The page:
Having A Bad Day?

Looking Up
If your life is anything like mine, then you have good days and bad. Days when you feel like G-d is on your side and days when nothing seems to go right. When you are in the midst of a full blown bad day, you just want to go home and pull the covers over your head. If only we had that luxury . . . Yet, the Torah comes along and tells us there is no such thing as a bad day.

Yes, yes, yes. We’ve all heard it many times and guess what, we are going to hear it again. You know why? Because it’s the truth. It’s the old salesperson mindset: If you make one of ten sales, then each failure is ten percent of a success. Every salesperson knows it, most believe it, but only the best practice it. Same for the rest of us. We all know that bad days are precursors to good days, some of us actually believe it, but those who make themselves think this way—they get ahead.

Making Camp
The Torah tells us that a cloud hovered over our ancestors in the desert. When the cloud spread out over the camp, they would settle down and make camp, when the cloud lifted, they would get ready to journey on. Then the Torah makes an anomalous statement. “For the cloud of the Lord was upon them . . . in all their journeys.”

These are actually the closing words of the book of Exodus. One usually pays close attention to closing words and indeed, Rashi, the famed Biblical commentator, wondered aloud when he read these words. The cloud wasn’t upon them in their journeys, the cloud was upon them when they made camp. The Torah should have said, “in all their settlings.” What message is the Torah teaching by using the wrong word? And, if these are the last words of the book, the message must be related to the entire book.

To answer this question we must first pose another question.

We call it the book of Exodus, but in fact the book begins with enslavement. It is true that most of the book deals with the exodus and its aftermath, yet shouldn’t its name imply at least a little suffering? We might have answered that the name Exodus was chosen because it covers most of the book, but with its final words, the Torah tells us different. The name choice covers the entire book.

If making camp is followed by a journey, then indeed the camp is part of the journey. You don’t call it down time, its all part of the up time. Included in the journey are periods of rest. Those aren’t lulls or reversals, they are part of the journey. If the down is followed by an up, its part of the up.

If the suffering in Egypt weren’t followed by a redemption, it would have justified a separate name. But since it was followed by a redemption then in retrospect the suffering is part of the exodus. You can’t have an exodus if there is nowhere to exit from. Their time in Egypt was part of a process that led to a miraculous exodus. It was an integral and necessary part of the journey.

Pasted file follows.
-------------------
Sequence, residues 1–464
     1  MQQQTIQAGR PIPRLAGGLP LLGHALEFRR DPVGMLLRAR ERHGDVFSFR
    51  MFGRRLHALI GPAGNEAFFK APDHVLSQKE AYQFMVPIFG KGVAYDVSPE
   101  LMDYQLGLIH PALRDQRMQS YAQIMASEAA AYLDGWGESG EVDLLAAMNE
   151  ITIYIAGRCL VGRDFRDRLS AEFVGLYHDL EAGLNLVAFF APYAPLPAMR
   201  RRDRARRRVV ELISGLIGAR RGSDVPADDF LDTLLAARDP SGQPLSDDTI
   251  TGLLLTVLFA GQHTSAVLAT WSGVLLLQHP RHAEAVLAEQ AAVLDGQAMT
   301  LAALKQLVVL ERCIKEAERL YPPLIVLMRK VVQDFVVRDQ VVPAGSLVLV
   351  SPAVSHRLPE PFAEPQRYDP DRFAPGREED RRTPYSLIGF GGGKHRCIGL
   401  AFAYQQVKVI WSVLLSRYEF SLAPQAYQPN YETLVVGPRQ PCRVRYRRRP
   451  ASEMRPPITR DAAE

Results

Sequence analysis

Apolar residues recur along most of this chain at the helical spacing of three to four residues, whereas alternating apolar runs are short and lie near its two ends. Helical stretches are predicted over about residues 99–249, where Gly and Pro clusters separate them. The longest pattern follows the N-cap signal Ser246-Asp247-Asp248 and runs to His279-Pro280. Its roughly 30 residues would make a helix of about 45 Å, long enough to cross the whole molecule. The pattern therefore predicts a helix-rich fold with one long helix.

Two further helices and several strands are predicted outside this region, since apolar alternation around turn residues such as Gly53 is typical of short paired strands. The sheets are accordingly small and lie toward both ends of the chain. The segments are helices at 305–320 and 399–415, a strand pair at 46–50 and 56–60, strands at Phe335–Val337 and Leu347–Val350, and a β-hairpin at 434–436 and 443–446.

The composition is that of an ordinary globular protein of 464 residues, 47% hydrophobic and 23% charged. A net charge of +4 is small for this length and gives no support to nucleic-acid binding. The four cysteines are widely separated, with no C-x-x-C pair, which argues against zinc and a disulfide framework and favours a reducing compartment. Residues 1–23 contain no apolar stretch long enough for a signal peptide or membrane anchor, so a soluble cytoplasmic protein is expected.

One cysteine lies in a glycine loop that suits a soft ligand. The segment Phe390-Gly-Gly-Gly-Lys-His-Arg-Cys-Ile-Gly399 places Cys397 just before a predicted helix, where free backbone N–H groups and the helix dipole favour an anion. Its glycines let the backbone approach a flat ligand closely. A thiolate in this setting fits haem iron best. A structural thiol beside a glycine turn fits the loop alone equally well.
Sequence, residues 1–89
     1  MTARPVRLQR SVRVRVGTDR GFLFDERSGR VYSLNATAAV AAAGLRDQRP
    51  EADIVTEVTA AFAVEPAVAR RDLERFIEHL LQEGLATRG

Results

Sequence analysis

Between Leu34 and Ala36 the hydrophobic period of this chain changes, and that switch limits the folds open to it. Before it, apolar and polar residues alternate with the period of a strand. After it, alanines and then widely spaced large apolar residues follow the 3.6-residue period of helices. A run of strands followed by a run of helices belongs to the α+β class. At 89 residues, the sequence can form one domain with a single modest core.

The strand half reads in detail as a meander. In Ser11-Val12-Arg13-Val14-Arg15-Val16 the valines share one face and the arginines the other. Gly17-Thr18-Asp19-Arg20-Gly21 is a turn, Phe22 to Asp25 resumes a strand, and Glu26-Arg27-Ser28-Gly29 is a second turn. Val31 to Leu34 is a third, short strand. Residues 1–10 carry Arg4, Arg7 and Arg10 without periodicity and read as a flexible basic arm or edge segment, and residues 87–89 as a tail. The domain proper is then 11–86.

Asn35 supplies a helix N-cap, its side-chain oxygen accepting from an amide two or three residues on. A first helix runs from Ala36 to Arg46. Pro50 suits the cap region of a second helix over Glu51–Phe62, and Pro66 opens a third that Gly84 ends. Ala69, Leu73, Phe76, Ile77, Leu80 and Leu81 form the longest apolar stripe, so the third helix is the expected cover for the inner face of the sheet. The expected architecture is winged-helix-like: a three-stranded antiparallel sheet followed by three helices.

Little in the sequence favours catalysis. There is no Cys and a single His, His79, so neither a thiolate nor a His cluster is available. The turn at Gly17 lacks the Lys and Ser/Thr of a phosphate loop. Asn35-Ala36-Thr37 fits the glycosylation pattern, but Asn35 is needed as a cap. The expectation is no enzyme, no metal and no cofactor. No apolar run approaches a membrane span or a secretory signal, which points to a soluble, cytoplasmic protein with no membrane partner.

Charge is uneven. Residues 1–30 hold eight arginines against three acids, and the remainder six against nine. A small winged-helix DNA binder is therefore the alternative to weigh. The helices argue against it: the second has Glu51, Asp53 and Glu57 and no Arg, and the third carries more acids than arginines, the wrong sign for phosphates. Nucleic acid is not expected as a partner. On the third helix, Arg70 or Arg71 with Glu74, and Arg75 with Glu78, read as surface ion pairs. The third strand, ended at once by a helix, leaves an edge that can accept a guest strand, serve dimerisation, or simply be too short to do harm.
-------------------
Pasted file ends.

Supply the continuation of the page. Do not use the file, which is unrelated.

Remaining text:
The Torah thus concludes the book of Exodus, a book that describes the entire story, including the bondage, with the name Exodus, with the words “In all their journeys.” Had Torah written “in all their settlings”, we would have missed an important message. By calling the settlings journeys, we are taught that settling down is part of moving up.

Bad Day
There are days when things work well, those are the good days. Then there are days when nothing works, we call it a bad day. The Torah tells us they are all good days. They are all part of the journey. Just like you need to rest in order to journey on, so do you need to have a “bad day” in order to have good days. What we call a bad day is just a necessary lull before the storm of goodness picks up again.

Some days were meant for achievement, effectiveness and success. Other days were meant to be slow, plodding and unexciting. These aren’t failures. They are just days with a different mission. They weren’t meant to be upbeat days. They were meant to be slower; a time to gather momentum, courage and strength for the better days ahead.

Salespeople know that they wouldn’t have enough time in their day to process all their sales had everyone said yes. When they get nine no’s, they view it as nine reprieves from getting up and filling an order. When they get the one yes, they are primed and ready to go; more than happy to take care of business. The lull sets them up for the sale and is, in retrospect, part of the sale.

In retrospect we can all see that, but the trick is to see it in the moment. We all know these feel good techniques, but putting them to work is a whole different story. When we are frustrated, it is difficult to pull ourselves together and make something special out of it. When we are handed lemons, its hard to think of lemonade. But just because its hard, for all of us—not just for you dear reader, doesn’t mean it isn’t true or effective. Indeed, those who do tap into this truth regularly, are the most effective.

May we soon herald the coming of Moshiach and experience the day that will make all days good.

About the Author
Rabbi Lazer Gurkow, a renowned lecturer, serves as Rabbi to Congregation Beth Tefilah in London Ontario. He is a member of the curriculum development team at Rohr Jewish Learning Institute and is the author of two books and nearly a thousand online essays. You can find his work at